In this article, we are going to talk more about Generic List and Dictionary in C#. A List<T> and Dictionary are very useful collections in C#, and we are going to discover its features in the rest of the article.

If you want to see complete navigation of this tutorial, you can do that here C# Intermediate Tutorial.

To download the source code, you can visit the Generic List and Dictionary in C# Source Code. 

We are going to split this article into the following sections:

List<T>

A List<T> represents a strongly typed collection of objects that can be accessed by index.

To instantiate a List<T> we need to provide a type between the angle brackets:

List<int> numberList = new List<int>();
List<Student> students = new List<Student>();

It has two more constructors that we can use to initialize a List object. With the first one, we can set initial capacity:
List<int> numbers = new List<int>(2);

With the second one, we can populate our list with the IEnumerable collection:
int[] nums = new int[5] { 1, 2, 3, 4, 5 };
List<int> numbers = new List<int>(nums);

To access any element we can specify its index position:
int number = numbers[1];

Methods and Properties

The Add method adds the element inside a list:

List<int> numbers = new List<int>();
numbers.Add(34);
numbers.Add(58);
numbers.Add(69);

foreach (int number in numbers)
{
    Console.WriteLine(number);
}

AddRange adds the elements of the specified collection to the end of a list:
List<int> numbers = new List<int>();
numbers.Add(34);
numbers.Add(58);
numbers.Add(69);

int[] nums = new int[] { 1, 22, 44 };

numbers.AddRange(nums);

foreach (int number in numbers)
{
     Console.WriteLine(number);
}

Contains determines whether an element exists in the list:
if(numbers.Contains(34))
{
     Console.WriteLine("The number 34 exists in a list");
}

The IndexOf method returns the position of an element as an integer number. If an element couldn’t be found, this method returns -1:
int index;
if((index = numbers.IndexOf(58)) != -1)
{
    Console.WriteLine($"The number 58 is on the index: {index}");
}

LastIndexOf is similar to a previous method except it returns a last occurrence of the element.

CopyTo method copies the entire collection to a compatible array, starting from the beginning of that array:

int[] copyArray = new int[6];

numbers.CopyTo(copyArray);

foreach (int copyNumber in copyArray)
{
     Console.WriteLine(copyNumber);
}

The Remove method removes the first occurrence of a specific element from the list:
numbers.Remove(69);

The Clear method clears all the elements from a list:
numbers.Clear();

We can check how many elements a list has by using the Count property:
Console.WriteLine(numbers.Count);

Dictionary

Dictionary represents a collection of keys and values. To instantiate an object we can use the following syntax:

Dictionary<KeyType, ValueType> Name = new Dictionary<KeyType, ValueType>();

The KeyType represents a type for our key in a collection. The ValueType represents the value assigned to the key. So, we can extract our value from a collection by using the key inside the square brackets:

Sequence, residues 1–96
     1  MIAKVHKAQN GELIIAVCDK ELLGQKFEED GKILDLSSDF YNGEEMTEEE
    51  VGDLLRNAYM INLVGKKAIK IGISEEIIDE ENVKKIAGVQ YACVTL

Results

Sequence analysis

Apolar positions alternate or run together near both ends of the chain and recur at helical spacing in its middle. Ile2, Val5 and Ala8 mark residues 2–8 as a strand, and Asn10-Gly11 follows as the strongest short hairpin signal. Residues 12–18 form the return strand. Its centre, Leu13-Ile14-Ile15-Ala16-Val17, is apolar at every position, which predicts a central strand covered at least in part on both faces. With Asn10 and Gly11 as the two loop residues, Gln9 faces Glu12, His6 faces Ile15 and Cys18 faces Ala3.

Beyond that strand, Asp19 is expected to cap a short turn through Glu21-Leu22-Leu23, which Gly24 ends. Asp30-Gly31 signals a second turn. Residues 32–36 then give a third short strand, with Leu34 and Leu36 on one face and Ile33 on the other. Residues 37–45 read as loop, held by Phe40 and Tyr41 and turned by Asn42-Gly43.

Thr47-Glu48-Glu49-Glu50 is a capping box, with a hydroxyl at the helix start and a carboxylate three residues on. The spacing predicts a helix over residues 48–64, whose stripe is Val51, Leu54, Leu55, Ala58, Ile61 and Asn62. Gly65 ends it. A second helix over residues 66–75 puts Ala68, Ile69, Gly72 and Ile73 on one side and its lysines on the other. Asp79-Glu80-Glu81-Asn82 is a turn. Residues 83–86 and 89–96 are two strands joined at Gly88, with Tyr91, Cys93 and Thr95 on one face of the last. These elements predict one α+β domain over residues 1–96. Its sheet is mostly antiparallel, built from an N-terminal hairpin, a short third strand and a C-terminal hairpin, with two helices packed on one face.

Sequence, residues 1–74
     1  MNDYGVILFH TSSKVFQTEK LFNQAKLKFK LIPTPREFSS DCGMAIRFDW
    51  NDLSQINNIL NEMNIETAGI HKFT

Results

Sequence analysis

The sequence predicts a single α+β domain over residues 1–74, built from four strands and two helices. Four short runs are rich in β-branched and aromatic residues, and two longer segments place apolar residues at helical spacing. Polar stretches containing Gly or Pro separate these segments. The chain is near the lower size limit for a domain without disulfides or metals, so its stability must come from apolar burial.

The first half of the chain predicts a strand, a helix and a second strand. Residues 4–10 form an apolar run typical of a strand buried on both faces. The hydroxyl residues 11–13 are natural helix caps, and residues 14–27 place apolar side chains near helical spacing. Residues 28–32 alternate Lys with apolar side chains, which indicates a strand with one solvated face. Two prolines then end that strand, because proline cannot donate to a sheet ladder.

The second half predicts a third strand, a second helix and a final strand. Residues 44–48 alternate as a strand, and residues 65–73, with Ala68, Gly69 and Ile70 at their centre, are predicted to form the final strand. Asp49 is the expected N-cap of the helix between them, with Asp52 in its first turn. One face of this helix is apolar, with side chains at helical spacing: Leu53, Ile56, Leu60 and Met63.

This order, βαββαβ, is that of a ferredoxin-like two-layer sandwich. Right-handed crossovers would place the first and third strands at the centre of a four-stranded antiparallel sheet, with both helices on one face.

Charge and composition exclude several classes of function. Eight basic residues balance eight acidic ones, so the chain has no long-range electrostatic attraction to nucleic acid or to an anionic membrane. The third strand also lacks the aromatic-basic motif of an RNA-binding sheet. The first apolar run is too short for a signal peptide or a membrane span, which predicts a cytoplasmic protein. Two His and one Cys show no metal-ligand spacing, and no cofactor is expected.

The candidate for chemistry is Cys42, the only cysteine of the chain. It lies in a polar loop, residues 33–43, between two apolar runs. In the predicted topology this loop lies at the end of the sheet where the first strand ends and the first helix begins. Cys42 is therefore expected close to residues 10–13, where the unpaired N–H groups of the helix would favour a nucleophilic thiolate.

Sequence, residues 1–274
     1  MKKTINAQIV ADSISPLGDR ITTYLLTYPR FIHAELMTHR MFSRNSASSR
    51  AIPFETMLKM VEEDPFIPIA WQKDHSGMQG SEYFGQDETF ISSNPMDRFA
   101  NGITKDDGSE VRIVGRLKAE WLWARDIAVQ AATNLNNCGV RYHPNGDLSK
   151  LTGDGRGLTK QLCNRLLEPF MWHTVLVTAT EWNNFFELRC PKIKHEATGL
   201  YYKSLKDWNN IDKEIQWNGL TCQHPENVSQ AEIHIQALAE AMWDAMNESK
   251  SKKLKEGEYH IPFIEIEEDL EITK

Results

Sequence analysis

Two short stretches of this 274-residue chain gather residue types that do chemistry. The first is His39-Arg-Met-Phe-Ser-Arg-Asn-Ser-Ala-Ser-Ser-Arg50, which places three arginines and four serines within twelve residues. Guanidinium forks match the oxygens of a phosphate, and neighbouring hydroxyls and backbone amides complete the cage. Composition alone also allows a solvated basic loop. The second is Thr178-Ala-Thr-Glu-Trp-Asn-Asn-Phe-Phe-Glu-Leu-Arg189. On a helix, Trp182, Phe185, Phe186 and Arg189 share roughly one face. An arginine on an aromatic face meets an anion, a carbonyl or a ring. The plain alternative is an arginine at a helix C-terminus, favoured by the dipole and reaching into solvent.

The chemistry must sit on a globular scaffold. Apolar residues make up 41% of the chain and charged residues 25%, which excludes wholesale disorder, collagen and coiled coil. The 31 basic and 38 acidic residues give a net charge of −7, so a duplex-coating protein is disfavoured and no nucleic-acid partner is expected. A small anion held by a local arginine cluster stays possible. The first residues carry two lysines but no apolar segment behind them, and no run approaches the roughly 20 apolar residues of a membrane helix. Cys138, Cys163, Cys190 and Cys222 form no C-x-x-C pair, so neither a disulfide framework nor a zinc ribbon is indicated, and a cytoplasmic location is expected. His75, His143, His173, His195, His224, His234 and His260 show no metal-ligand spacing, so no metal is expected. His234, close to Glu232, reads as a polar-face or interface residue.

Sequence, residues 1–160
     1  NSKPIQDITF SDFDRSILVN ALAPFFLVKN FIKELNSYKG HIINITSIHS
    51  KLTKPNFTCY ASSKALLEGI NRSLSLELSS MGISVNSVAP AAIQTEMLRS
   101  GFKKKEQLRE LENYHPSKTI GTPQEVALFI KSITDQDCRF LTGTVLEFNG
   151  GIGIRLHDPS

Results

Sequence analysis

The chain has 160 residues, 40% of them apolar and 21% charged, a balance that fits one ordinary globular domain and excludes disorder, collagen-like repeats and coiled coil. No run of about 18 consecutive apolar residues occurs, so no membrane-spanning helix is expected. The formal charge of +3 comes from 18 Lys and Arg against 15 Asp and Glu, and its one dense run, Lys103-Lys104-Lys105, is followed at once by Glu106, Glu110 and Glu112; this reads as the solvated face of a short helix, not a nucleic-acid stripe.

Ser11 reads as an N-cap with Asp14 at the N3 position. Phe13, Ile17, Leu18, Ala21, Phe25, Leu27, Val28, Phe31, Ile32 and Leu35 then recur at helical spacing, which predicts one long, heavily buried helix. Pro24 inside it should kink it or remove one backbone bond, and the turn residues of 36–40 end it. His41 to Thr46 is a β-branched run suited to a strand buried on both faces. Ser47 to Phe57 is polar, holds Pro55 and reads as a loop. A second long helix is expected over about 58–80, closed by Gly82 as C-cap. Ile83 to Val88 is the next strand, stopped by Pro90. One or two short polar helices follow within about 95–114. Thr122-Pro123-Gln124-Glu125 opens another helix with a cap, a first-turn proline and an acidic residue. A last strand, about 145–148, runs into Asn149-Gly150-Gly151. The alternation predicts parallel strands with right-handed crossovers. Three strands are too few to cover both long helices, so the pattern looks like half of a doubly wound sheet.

DictionaryName[key];

Dictionary has several constructors we can use to instantiate objects:
Dictionary<string, int> dictExample = new Dictionary<string, int>();

Dictionary<string, int> dictExample1 = new Dictionary<string, int>(5); //to set initial size

Dictionary<string, int> dictExample2 = new Dictionary<string, int>(dictExample1); //accepts all the elements from created Key-Value collection

Methods and Properties

The Add method adds the key-value pair inside a collection:

Dictionary<string, int> dictExample = new Dictionary<string, int>();

dictExample.Add("First", 100);
dictExample.Add("Second", 200);
dictExample.Add("Third", 300);

foreach (var item in dictExample)
{
     Console.WriteLine(dictExample[item.Key]);
}

Remove removes the key-value pair from a collection based on the specified key:
dictExample.Remove("Second");
foreach (var item in dictExample)
{
     Console.WriteLine(dictExample[item.Key]);
}

ContainsKey determines if a collection contains a specific key.

ContainsValue determines if a collection contains a specific value:

if(dictExample.ContainsKey("First"))
{
     Console.WriteLine("It contains key");
}

if(dictExample.ContainsValue(300))
{
      Console.WriteLine("It contains value");
}

The Clear method removes all key-value pairs from a collection:
dictExample.Clear();

If we want to count all of our elements inside a collection, we can use the Count property. If we want to get a collection of containing Keys or containing Values from a dictionary, we can use the Keys and Values properties:
Console.WriteLine(dictExample.Count);

foreach (var key in dictExample.Keys)
{
     Console.WriteLine(key);
}

foreach (var value in dictExample.Values)
{
     Console.WriteLine(value);
}

Conclusion

In this article, we have learned:

  • To use the List<T> collection with its methods
  • To use a Dictionary with its methods and properties

In the next article, we are going to talk about Delegates in C#.